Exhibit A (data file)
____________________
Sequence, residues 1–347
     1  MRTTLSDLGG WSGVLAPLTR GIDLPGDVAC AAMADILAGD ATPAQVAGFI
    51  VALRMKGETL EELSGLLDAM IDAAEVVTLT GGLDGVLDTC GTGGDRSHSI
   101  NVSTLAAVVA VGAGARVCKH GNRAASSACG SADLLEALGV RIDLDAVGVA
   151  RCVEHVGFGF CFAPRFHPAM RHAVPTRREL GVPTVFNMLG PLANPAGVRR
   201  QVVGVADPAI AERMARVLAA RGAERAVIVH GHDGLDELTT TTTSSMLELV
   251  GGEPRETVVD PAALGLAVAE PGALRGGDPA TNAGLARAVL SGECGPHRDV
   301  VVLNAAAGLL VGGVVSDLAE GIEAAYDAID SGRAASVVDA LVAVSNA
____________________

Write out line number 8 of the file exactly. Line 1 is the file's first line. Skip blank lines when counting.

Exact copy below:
   301  VVLNAAAGLL VGGVVSDLAE GIEAAYDAID SGRAASVVDA LVAVSNA